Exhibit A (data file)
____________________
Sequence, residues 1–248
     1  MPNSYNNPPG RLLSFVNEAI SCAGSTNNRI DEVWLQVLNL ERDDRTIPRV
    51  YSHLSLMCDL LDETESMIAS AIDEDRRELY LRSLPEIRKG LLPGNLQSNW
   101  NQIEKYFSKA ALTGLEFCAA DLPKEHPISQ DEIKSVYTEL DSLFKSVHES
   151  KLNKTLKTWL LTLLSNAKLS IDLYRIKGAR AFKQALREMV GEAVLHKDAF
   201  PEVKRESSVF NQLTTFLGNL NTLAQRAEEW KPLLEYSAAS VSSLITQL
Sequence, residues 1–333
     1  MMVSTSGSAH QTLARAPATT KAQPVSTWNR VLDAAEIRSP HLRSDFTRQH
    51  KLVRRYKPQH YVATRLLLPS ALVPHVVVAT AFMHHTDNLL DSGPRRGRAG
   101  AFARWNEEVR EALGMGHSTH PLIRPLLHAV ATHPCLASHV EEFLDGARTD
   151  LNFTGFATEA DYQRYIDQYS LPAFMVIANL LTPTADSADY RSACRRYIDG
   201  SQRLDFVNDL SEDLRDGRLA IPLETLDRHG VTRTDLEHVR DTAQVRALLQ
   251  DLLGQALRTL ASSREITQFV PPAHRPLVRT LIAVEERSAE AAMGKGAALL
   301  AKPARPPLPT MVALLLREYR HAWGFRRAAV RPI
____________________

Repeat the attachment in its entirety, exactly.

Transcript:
Sequence, residues 1–248
     1  MPNSYNNPPG RLLSFVNEAI SCAGSTNNRI DEVWLQVLNL ERDDRTIPRV
    51  YSHLSLMCDL LDETESMIAS AIDEDRRELY LRSLPEIRKG LLPGNLQSNW
   101  NQIEKYFSKA ALTGLEFCAA DLPKEHPISQ DEIKSVYTEL DSLFKSVHES
   151  KLNKTLKTWL LTLLSNAKLS IDLYRIKGAR AFKQALREMV GEAVLHKDAF
   201  PEVKRESSVF NQLTTFLGNL NTLAQRAEEW KPLLEYSAAS VSSLITQL
Sequence, residues 1–333
     1  MMVSTSGSAH QTLARAPATT KAQPVSTWNR VLDAAEIRSP HLRSDFTRQH
    51  KLVRRYKPQH YVATRLLLPS ALVPHVVVAT AFMHHTDNLL DSGPRRGRAG
   101  AFARWNEEVR EALGMGHSTH PLIRPLLHAV ATHPCLASHV EEFLDGARTD
   151  LNFTGFATEA DYQRYIDQYS LPAFMVIANL LTPTADSADY RSACRRYIDG
   201  SQRLDFVNDL SEDLRDGRLA IPLETLDRHG VTRTDLEHVR DTAQVRALLQ
   251  DLLGQALRTL ASSREITQFV PPAHRPLVRT LIAVEERSAE AAMGKGAALL
   301  AKPARPPLPT MVALLLREYR HAWGFRRAAV RPI